Colombian rider Miguel Angel Lopez won the toughest mountain stage of this year’s Tour de France, while race leader Primož Roglic added a few crucial seconds to his advantage over rival Tadej Pogacar.
Roglic finished 15 seconds behind Lopez in second place, while Pogacar trudged over the line 30 seconds behind Lopez in third.
The 105.4-mile trek’s final ascent to the Méribel ski station was the high point of this year’s race at 2,304 meters, winding up a Loze pass never before ridden and with tortuous gradients of 24%.
Lopez timed his attack perfectly with just under 3 kilometers to go while Roglic accelerated away from Pogacar, who clawed some of the gap back but may have bid farewell to his chances of winning the Tour.
Roglic is 57 seconds ahead of Pogacar with four stages remaining. Lopez overtook Rigoberto Urán to move up to third overall and is 1 minute, 26 seconds behind Roglic heading into another testing mountain stage on Thursday. Urán dropped to sixth.
TRACK AND FIELD
DIACK SENTENCED: Former track federation president Lamine Diack was sentenced Wednesday to two years in prison for corruption during his nearly 16-year tenure at the IAAF, most notably a scheme that allowed Russian athletes who paid millions in hush money to keep competing when they should have been suspended for doping.
The guilty verdict in a Paris court represented a spectacular fall from grace for the 87-year-old Diack, who was the powerful head of the IAAF from 1999-2015 and mixed with world leaders and was influential in the world of Olympic sports. The court also sentenced Diack to another two years of suspended jail time and fined him $590,000.
His lawyers said they will appeal, keeping Diack out of jail for now. Diack did not comment as he walked out of court. One of Diack’s lawyers, Simon Ndiaye, called the verdict “unjust and inhuman” and said the court made his client a “scapegoat.”
Diack was found guilty of multiple corruption charges and of breach of trust but acquitted of a money laundering charge.
ITALIAN OPEN: Novak Djokovic behaved better Wednesday in his first match since being defaulted from the U.S. Open.
The top-ranked Serb was mostly courteous with the chair umpire and had no interaction with the line judges during a 6-3, 6-2 win over local wild-card entry Salvatore Caruso in his opening match at the Italian Open.
The performance came in sharp contrast to the scene in New York 10 days ago, when Djokovic was disqualified for unintentionally hitting a line judge in the throat with a ball. Djokovic said earlier this week that the incident taught him “a big lesson.”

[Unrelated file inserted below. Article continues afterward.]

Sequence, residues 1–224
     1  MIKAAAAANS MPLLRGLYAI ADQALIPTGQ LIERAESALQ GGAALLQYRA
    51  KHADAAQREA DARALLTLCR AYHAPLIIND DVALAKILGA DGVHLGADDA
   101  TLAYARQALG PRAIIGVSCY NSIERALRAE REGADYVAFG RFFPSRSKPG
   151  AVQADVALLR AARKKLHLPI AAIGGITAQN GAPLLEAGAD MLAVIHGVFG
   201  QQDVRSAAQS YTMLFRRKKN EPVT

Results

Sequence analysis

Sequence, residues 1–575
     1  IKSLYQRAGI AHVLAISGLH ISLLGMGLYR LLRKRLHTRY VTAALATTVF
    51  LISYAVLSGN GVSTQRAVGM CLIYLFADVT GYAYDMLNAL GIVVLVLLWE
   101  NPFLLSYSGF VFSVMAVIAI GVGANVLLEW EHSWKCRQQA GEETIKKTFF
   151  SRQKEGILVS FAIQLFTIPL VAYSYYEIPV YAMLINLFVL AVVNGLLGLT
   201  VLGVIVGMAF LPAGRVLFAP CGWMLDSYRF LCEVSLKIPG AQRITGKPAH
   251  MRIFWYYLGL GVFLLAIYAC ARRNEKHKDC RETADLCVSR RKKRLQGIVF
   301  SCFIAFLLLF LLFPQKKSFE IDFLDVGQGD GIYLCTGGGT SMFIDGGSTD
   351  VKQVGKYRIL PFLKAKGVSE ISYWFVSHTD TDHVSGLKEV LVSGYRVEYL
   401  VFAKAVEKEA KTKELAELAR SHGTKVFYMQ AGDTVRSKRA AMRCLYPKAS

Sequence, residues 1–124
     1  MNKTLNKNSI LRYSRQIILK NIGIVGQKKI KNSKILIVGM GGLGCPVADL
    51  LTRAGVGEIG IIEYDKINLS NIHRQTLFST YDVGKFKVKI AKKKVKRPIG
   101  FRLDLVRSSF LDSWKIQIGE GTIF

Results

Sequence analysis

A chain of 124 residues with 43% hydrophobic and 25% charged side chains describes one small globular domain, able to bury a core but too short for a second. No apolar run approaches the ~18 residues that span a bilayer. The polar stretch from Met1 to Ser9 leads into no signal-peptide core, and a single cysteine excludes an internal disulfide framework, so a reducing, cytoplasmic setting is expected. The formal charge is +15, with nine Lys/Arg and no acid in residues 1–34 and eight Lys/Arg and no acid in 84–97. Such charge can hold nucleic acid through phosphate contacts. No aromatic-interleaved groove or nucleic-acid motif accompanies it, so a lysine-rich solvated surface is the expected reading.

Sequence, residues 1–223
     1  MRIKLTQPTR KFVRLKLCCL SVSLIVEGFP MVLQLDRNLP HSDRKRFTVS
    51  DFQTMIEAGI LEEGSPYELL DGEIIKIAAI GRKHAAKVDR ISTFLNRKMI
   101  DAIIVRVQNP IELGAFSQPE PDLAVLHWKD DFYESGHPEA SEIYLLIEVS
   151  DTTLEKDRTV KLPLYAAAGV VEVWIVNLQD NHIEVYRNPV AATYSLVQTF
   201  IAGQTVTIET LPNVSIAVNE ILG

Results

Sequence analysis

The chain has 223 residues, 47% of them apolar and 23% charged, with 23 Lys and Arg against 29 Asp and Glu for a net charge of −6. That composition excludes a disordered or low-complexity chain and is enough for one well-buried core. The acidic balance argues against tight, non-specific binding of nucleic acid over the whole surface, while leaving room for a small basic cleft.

“I was actually looking forward to (playing again) as soon as possible after what happened in New York,” Djokovic said. “Because I feel like the sentiment on the court needs to be positive, and I need to kind of remove anything that can possibly cause any kind of issues to me — if there is something.”
When the umpire came down to inspect a ball mark on the red clay early in the first set and made an overrule in Caruso’s favor, Djokovic just replied, “Yup,” and rubbed out the mark with his red sneaker.
When Caruso impressed him — the Italian hit 13 winners to Djokovic’s 12 — Djokovic said, “Bravo.”
“It was a hot day against Caruso who already played three matches here, a clay court specialist. It was a very good test for me,” Djokovic said. “I’m very pleased with the way I handled myself in important moments.”
Djokovic’s only testy moment came during the third game of the second set, which went to deuce seven times before Djokovic finally broke Caruso’s serve. As the game wore on, Djokovic appeared bothered by crowd noise, even though the Foro Italico is empty of fans this year because of the coronavirus pandemic.
The only people inside the stadium were coaches and others working at the tournament.
“Which ones?” the umpire asked Djokovic, trying to figure out who was bothering him.
Djokovic replied curtly: “There’s 10 people in the stands.”
Afterward, Djokovic explained: “It was very, very quiet, which is very unusual to what we are used to here in Rome, which has one of the loudest and most energetic crowd atmospheres on the tour. But there was somebody in the corridor of the stadium that was talking — about five, six people.”